Sheet Metal Spiral Stair


#1

Hi guys,

I would like to create a bottom cover for a sprial staircase - similar to the picture below:

Here’s part of my model with the created surface.
doublehelix.3dm (711.5 KB)

Rhino has no trouble unrolling it, however the manufacturer tells me, that he cannot put the lasered sheet metal placed into form.

Does anyone have experience with how to make this work… from the construction point of view? It has been done before (as you can see in the picture), the question is how.

Thanks
Karl

Note: The inner radius on the picture is much larger than in my case.


#2

Just because Rhino will unroll it, doesn’t mean it’s really developable. In this case, it’s not, Rhino will unroll the surface, but also tells you on the command line that it’s 4.61% bigger after unrolling - which means the material needs to be stretched. Helix surfaces are not generally developable, technically they are curves in two directions. If you select the surface and do a Gaussian curvature analysis, and hit the Auto range button, you will see that the surface is not entirely green - which it needs to be if you want to form it from flat sheet without stretching.

–Mitch


#3

a 3 story coke furnace piped into a 3 story lost wax casting operation, for a total of 6 stories, a 4000 lb handcarved wax model, and 80 pallets of investment?


#4

Just kidding thank you for the useful information on unrolling, helix surfaces and Gaussian curvature analysis. I gonna plug this in my mind for fabricated designs.


#5

Maybe - although hiring a couple of Italian custom coachwork guys to hand hammer some sheet metal to shape in a couple of weeks might be cheaper… and lighter…


#6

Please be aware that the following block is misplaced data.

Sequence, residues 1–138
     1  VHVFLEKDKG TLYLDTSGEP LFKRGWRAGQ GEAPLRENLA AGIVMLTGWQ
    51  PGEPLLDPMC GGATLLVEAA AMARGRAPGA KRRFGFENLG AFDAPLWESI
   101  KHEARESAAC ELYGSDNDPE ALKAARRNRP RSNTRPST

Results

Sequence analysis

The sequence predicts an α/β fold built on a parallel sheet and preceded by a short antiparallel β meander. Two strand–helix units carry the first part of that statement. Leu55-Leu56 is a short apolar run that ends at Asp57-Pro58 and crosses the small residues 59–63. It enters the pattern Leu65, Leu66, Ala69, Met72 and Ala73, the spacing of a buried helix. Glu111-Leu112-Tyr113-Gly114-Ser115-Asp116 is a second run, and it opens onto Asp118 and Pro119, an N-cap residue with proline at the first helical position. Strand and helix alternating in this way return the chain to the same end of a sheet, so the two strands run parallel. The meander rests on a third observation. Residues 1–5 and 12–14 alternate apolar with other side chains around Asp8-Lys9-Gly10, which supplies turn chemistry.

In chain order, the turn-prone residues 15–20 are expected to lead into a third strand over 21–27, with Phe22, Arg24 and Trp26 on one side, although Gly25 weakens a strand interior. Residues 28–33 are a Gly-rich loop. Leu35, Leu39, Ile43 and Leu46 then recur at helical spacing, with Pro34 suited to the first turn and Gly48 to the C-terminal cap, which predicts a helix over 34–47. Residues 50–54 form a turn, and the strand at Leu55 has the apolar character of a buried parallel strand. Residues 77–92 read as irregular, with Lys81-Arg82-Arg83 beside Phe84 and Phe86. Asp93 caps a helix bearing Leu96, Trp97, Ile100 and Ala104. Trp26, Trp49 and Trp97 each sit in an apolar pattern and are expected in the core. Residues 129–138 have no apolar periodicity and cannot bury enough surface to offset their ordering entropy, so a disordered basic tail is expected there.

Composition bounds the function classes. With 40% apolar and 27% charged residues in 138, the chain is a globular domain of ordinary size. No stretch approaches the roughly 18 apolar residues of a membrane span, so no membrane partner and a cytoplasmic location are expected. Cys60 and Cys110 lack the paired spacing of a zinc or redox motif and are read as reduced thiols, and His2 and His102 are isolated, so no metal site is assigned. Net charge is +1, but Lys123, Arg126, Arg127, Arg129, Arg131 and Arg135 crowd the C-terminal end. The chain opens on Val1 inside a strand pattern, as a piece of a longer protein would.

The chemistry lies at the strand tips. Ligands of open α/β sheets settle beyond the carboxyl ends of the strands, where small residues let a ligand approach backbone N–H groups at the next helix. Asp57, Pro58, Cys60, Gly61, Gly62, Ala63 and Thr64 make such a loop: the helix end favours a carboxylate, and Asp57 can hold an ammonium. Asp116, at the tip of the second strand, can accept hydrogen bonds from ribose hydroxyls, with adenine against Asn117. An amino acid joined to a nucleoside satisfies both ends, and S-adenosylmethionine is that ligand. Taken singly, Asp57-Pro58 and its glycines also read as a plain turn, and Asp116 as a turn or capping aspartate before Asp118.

Hey guys,

my questeion is probably not so much a Rhino than a manufacturing question.

I have that surface … how do I get it into the real world. (Simple unrolling it doesn’t work) I also couldn’t finde a surface that is a developable Surface that approximates this surface well enough

Are there other strategies to achieve that goal. (I wrote a script that triangulated the edges, like a zipper) It works, but the surface looses some of it’s smoothness and it’s a lof of welding.

Thanks
Karl


(David Cockey) #7

Several options:

  1. Use an “English Wheel” to roll the shape into the sheet metal. It would need to be made in sections and welded.

  2. Use a sheet metal brake to can fold sheet metal into the triangles and thus avoid the welding. The surface still won’t be smooth. If it is to painted then it could be faired using a fairing compound.

  3. Shrinking with a torch. May be difficult to find someone with the expertise.


#8

I would bet that @heath has some real world experience with this.


#9

Looks like a one-off so maybe you could oversize the surface by 50mm or so all round and accept that the plate will stretch during rolling, tell the fabricator that the plate has a theoretical 50mm allowance and to tack and trim on site. Better to remove material than try to fill gaps.